How do you become a cyber security specialist?
Part of the 'Future in Technology' series
When you use technology to power creative solutions, you’ll be able to make a real difference to the economic and social wellbeing of our society. And, our free-thinkers have helped do just that. They have addressed some of our biggest issues: they’ve helped make our WiFi more reliable, they’ve built robots, and they even made apps that improves patients’ recovery time from strokes.
By pushing the boundaries of technology our society can work faster, smarter and more efficiently. That’s just the beginning – join an industry that’s making revolutionary ideas happen. With a degree in technology, you could be fighting cybercrime, using data analytics to drive decision making, or building new systems, apps and games.
2.5 million Australians are in jobs that deal with technology daily.
By 2022, there will be 29,000 new technology jobs in Australia.
Technology careers are some of the fastest growing professions in the country.
Put your thinking to work with hands-on learning in our IT Innovation Hub, fitted out with industry-grade networking and security infrastructure, mixed and augmented reality equipment and an operational data centre. You could solve problems for real clients and take advantage of our industry-standard engineering pilot plant to prepare you for your future career.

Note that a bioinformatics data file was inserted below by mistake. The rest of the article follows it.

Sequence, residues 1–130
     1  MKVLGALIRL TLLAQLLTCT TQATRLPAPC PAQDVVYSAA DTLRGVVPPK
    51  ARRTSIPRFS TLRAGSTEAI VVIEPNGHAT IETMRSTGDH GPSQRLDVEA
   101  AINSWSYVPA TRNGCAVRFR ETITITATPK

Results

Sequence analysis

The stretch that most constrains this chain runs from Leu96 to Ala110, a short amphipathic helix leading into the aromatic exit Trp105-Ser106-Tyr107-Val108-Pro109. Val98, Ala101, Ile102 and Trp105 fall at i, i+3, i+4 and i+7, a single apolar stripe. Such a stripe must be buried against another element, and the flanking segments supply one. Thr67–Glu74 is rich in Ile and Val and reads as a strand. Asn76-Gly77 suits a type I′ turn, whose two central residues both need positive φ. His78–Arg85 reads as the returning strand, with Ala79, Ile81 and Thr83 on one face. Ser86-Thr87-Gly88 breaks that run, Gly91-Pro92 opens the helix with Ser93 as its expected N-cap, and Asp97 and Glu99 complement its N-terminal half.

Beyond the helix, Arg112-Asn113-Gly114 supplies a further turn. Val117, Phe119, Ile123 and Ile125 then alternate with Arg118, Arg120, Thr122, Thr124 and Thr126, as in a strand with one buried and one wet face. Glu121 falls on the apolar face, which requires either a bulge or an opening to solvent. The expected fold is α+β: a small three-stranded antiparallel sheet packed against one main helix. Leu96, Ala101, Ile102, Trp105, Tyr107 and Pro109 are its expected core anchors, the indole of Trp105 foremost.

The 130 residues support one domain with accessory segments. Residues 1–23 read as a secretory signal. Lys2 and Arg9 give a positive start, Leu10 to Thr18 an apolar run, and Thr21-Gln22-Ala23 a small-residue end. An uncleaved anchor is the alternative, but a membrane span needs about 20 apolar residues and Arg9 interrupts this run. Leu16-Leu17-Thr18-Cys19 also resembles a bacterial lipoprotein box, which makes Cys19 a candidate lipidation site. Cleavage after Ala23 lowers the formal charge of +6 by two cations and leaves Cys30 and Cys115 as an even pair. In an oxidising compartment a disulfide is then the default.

Our courses are accredited and developed in partnership with an industry advisory panel, made up of representatives from some of WA’s biggest technology companies. You can also combine your technology studies with business-related units, so you’ll graduate with more career options.
Use your analytical, technical and creative problem-solving skills to fight against cybercrime.
Gain the skills you’ll need to design innovative analysis systems and strategies for business and government.
Explore our technology facilities
Discover the technology labs and pilot plant that you’ll learn in.
As an undergraduate student, you can study two majors during your degree.
Sources: Department of Jobs and Small Business; Australian Computer Society